Feeding Video into Your Home Theater

You can get movies (and TV shows and other video content) into your home theater system in many ways — such as plugging into a cable or satellite TV system. For most folks, however, watching a movie means watching a prerecordedmovie (typically a movie on DVD that you buy or rent from the local video store).

Playing DVDs on an HDTV

Many folks hear "widescreen" and "digital" and think "HDTV" (or High Definition TV). Well, DVD isn't HDTV. DVD is digital. It provides a great picture. But it isn't a true high-definition video source. Although DVD looks great when you play it back on an HDTV, DVD doesn't give you the same quality of picture that a full-on HDTV signal can give.

Why don't DVDs do HDTV? Well, for one reason, HDTV wasn't fully finalized and on the market when the DVD was developed, so DVD was designed to work with the TVs of the time (which are still the majority of TVs today). More importantly, HDTV requires a ton of digital data. Using the traditional NTSC signal, you can fit a two-hour movie comfortably onto a DVD, but you can't fit more than a fraction of that movie onto a DVD if you encode it as an HDTV signal.

VCRs ain't (quite) dead yet

You may want to record TV shows that you won't be home for or watch home movies that you recorded with your camcorder. Or you may have a zillion VHS tapes that you're stuck with in a DVD age. For these reasons, the videocassette recorder (or VCR) still has a purpose.

You can buy three kinds of VCRs today:

  • VHS VCRs: These are your standard, garden-variety VCRs that have been around for 30 years or so. They use VHS videocassettes and record a low-resolution TV signal (only about 240 lines of resolution). Most of these VHS VCRs are cheap and include stereo audio capabilities (if so, they're labeled HiFi) and analog Dolby surround sound capabilities.
  • S-VHS VCRs: The S-VHS (or Super VHS) VCR uses a special S-VHS tape to provide a higher-quality, higher-resolution (400 lines, instead of 240) picture. Regular VHS tapes work on these decks, but S-VHS videocassettes don't work on most regular VHS decks.
  • D-VHS VCRs: These are high-definition VCRs. D-VHS VCRs can play and record standard VHS and S-VHS videotapes. More importantly, D-VHS VCRs can also record all the HDTV formats. To record and play back HDTV, the D-VHS system needs an i.LINK (also called IEEE 1394 or FireWire) connector to connect to an HDTV TV or a standalone HDTV tuner. Many HDTVs and HDTV tuners don't have this connection, however, because broadcasters and movie studios don't want you to be able to record HDTV programs. So check carefully before you invest in one of these D-VHS VCRs.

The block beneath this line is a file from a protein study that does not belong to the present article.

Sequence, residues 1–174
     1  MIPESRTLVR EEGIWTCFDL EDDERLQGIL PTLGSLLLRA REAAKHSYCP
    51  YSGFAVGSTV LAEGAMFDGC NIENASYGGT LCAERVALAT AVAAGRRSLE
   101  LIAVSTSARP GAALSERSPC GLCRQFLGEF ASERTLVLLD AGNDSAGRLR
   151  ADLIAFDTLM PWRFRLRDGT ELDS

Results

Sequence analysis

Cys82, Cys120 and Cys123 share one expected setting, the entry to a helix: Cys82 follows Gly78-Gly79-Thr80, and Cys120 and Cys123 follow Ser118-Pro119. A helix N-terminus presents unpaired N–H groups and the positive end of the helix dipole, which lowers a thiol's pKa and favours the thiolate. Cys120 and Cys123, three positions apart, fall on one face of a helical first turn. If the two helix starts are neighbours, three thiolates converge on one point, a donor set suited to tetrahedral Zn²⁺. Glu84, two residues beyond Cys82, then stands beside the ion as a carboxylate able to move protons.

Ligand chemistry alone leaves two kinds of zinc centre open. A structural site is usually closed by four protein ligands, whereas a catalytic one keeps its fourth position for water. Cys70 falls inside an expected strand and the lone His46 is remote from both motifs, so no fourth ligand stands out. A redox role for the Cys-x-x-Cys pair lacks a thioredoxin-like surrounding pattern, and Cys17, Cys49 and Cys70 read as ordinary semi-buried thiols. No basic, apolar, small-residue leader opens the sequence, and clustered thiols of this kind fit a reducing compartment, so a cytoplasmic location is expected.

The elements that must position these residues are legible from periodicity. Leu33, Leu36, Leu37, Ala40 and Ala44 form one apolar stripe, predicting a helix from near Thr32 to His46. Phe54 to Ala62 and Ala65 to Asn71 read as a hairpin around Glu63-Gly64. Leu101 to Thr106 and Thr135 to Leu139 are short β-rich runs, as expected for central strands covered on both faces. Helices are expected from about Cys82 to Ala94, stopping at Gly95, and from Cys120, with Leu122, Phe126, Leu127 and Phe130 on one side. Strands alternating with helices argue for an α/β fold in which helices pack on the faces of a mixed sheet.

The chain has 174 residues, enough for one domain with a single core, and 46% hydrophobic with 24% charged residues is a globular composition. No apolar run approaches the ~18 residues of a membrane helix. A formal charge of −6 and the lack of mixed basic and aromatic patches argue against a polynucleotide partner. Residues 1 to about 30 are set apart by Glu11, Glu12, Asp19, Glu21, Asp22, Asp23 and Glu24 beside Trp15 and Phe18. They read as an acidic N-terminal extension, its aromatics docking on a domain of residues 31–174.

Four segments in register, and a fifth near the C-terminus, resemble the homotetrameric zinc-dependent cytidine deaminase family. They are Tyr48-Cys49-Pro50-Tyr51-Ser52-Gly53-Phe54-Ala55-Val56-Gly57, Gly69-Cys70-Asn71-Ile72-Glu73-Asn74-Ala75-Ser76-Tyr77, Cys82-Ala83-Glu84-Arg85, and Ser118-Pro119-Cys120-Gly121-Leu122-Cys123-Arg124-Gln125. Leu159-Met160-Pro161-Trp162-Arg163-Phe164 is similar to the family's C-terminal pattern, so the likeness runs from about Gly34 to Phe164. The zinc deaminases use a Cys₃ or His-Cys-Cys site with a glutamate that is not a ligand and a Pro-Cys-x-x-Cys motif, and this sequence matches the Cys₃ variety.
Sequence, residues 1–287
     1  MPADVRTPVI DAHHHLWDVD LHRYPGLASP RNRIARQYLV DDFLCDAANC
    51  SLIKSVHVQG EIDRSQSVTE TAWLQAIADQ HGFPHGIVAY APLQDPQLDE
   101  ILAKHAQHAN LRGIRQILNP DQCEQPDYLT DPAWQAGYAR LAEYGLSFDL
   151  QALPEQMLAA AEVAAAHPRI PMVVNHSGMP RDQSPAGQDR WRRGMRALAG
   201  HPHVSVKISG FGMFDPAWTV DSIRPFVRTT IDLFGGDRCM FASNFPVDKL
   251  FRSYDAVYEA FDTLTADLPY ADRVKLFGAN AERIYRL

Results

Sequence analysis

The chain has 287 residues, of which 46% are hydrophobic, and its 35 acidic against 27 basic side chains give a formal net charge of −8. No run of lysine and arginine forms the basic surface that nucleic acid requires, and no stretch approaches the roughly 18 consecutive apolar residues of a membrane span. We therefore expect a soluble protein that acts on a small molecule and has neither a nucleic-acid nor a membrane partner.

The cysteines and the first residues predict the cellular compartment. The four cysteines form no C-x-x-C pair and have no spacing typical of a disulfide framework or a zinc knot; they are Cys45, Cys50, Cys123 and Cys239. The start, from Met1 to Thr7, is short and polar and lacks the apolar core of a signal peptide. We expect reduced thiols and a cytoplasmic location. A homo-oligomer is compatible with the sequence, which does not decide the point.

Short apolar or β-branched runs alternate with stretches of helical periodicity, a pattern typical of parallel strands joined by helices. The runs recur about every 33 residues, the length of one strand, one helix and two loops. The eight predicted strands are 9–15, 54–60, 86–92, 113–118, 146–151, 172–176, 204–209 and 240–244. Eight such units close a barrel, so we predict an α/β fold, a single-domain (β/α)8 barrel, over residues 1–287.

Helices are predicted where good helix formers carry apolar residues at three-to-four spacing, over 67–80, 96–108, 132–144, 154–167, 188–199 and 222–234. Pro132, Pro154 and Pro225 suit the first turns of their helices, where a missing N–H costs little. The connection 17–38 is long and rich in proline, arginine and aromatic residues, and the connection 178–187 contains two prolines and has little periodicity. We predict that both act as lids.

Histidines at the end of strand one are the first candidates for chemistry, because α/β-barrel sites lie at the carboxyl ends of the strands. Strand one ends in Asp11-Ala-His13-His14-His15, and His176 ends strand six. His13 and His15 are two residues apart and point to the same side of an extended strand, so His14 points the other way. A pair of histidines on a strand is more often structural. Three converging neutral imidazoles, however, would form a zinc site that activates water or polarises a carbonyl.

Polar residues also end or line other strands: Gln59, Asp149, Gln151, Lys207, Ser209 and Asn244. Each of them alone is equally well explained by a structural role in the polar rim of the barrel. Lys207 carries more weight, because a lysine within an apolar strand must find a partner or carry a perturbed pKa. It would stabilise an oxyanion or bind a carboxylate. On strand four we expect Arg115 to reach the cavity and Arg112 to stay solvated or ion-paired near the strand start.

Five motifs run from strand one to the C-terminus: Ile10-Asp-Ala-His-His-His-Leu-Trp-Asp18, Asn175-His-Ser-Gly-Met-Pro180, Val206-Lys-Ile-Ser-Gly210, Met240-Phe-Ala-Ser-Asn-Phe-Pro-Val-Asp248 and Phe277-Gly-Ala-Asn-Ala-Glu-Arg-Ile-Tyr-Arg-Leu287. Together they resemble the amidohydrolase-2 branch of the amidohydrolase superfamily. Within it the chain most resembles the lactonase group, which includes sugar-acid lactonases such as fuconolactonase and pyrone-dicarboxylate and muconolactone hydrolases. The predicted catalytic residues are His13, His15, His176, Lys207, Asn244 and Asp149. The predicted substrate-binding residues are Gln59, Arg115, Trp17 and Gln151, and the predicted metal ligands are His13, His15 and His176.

Homegrown video programming

You don't have to limit your home theater viewing to prerecorded DVDs and television broadcasts. You can also incorporate video from your own sources. Many folks like to make their own video programming — home movies and the like. You can also watch in-house closed circuit or surveillance video on your home theater.

Camcorders

You can connect your camcorder to your home theater really simply. All digital camcorders use standard S-Video.

If you use a camcorder in your home theater, you may want to choose an A/V receiver with a set of inputs for the camcorder on the front. With this setup, you don't have to monkey around behind the equipment rack when you want to plug in your camcorder.

Video surveillance

Surveillance video is not high-quality, surround sound video. In fact, most surveillance video (often called closed circuit TV or CCTV) is pretty awful to look at. But if you want to know who's ringing the doorbell or keep an eye on the baby asleep in her room while you watch a movie in the home theater, then you probably don't need a high-quality picture. Heck, you may not even want a color picture, or sound. You just want to see what's going on.

You can get this home surveillance video into your system in a couple of ways:

  • A wireless system: These systems use a 2.4 GHz radio signal (like those many cordless phones use) to send video from a remote location to a small receiver that plugs into your home theater receiver or directly into your TV.
  • Networked cameras that connect to your home's computer network: These systems, from companies like Panasonic and D-Link, cost a bit more, but they're much more capable. Using a standard (wired) Ethernet network or a wireless computer network (802.11b or Wi-Fi), you can feed the video from these cameras into your home theater PC, and you can even view them from outside the home theater (if you have a broadband Internet connection) by using the built-in Web server on these cameras.
  • A traditional "wired" CCTV system: These cameras connect to your home's coaxial video cabling and use devices called modulators that let you turn this video into an in-house TV station. To view a modulated CCTV channel, you just need to tune your TV to the right channel. If you have a picture-in-picture system in your TV, you can even keep an eye on things in a small window while you watch something else on the rest of the screen.
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